For Its Own Sake!

F. W. Schwartz

There is a rather old story to this effect: Two Christians meet. One has just listened to a rather popular preacher. He tells his friend how very much he has enjoyed hearing him and adds "I will you too had heard him; I am sure you would not enjoy any other preacherafterward." "If that is so," replied the other (a wiser man), "I have no desire ever to hear him; the kind of preacher I want to hear is the one who will help me so to esteem the Word of God that I shall be eager to hear it and find delight in it whenever it is preached."

This well illustrates a tendency which, unfortunately, is widespread in our day. Too many of us, where preaching is concerned, are much like the child who will not take his food unless it is served in a particular dish. Our tastes have become so "cultivated" (?) that we find it difficult to endure what in other days we might have relished and profited by. We are so concerned as to how the truth is "served" that we no longer appreciate it for its own sake!

There is, of course, no excuse for preaching like that which someone described as "without form and void-darkness was upon the face of it," The preacher should by all means try to present the truth in "acceptable words." But when this has been said it must still be admitted that men may be loyal to the truth, and quite capable of giving worth-while, heart-searching and truly profitable ministry, though they do not "appeal" to some of us as others might. And to assume, because a man's manner or diction are not what we are pleased to approve of, that he may not at times be listened to with definite profit, is to cast a reflection, not only upon the man, but upon the Divine Giver of the "gifts."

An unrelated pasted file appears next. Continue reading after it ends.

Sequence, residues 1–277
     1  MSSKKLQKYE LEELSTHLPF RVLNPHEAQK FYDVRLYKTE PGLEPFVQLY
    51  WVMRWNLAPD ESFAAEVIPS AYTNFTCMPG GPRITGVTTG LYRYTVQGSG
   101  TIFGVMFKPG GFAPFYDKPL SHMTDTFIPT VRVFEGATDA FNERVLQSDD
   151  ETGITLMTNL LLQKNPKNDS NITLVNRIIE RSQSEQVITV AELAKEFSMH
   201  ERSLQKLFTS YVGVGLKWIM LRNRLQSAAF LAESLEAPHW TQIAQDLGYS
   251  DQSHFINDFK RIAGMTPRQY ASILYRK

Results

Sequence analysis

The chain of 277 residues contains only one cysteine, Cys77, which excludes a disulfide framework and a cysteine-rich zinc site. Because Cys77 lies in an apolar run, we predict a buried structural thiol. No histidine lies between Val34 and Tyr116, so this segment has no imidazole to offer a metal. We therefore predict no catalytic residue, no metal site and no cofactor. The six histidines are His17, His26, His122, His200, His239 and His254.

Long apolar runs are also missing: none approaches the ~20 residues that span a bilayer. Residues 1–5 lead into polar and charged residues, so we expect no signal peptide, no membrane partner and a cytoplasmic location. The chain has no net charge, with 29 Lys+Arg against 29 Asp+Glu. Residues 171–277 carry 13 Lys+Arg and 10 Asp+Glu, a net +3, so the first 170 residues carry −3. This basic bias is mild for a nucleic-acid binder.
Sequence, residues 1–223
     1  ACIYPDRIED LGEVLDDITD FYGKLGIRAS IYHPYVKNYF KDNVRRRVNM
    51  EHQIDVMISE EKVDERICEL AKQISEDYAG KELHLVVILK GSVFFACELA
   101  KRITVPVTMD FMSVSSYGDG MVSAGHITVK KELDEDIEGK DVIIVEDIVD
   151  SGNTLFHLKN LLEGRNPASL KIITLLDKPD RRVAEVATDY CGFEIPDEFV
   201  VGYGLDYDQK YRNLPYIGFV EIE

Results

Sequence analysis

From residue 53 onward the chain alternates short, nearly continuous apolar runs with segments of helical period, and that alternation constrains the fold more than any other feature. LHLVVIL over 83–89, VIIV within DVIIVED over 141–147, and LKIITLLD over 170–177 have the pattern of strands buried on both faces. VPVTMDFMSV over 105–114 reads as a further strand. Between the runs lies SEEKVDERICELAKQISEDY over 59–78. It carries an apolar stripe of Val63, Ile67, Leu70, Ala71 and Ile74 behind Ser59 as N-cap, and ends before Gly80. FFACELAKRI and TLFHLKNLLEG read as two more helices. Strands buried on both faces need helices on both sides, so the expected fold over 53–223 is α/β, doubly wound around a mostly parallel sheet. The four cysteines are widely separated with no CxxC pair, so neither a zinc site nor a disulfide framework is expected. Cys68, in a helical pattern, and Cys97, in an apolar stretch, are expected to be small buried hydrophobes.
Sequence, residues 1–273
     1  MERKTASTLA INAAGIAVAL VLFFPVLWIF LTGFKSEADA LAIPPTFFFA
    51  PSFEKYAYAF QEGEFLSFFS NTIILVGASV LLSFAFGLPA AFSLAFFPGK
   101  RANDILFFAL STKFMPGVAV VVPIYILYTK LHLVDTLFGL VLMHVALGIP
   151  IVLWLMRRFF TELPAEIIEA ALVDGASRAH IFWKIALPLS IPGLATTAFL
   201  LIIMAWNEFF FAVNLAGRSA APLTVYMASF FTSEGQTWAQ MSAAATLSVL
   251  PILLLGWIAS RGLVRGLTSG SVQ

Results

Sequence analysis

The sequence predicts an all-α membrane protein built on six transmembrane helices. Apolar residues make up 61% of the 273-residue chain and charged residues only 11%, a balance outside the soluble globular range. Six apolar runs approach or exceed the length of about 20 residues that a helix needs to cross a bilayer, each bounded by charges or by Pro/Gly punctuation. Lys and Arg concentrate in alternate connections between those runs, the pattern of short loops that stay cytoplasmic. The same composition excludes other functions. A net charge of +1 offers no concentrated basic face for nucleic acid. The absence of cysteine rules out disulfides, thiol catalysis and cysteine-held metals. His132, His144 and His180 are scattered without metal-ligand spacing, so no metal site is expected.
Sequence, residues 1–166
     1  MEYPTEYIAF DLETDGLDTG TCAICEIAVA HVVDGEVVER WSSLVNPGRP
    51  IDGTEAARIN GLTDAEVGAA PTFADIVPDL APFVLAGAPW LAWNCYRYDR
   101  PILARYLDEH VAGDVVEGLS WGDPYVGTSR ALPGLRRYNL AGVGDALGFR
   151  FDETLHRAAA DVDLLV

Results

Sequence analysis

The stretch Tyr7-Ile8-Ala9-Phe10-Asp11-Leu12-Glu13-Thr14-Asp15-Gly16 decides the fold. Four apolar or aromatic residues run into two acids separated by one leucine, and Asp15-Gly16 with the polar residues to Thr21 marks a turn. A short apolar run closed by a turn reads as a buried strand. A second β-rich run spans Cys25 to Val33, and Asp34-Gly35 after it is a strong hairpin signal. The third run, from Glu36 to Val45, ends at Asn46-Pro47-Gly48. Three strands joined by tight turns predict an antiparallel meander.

Are we at liberty to conclude that God gives His messages only to a select few? Shall we, in effect, dictate to Him as to how or through whom He shall minister His Word in blessing to us? If He chooses to speak through a herdman or a' fisherman, shall we refuse His Word?

We have, it is true, sometimes been grieved at the temerity of men who dared to put themselves forward without having anything to offer which might profit their hearers. And we have blushed at the crude things that have sometimes been foisted upon unsaved listeners in gospel meetings. But, on the other hand, we have been gratified (both in conferences and elsewhere) at the thought-provoking, edifying, stirring ministry given by brethren whom some might have been willing to ignore. They hadevidently been exercised before the Lord as to their message, and it reached our hearts. It would have been a pity if opportunity bad been denied them.

Certainly care must be taken not to encourage misfits. But it is equally important that we do not do our choosing on a basis of personal tastes or cultural preferences alone. The plate has its use and should be of a suitable kind, but it is the food (.hat meets the need. In our insistence upon good china, let us not miss the nourishment that is brought to us. Let us value the Word of God ministered - for its own sake!

(Reprinted from "Light and Liberty")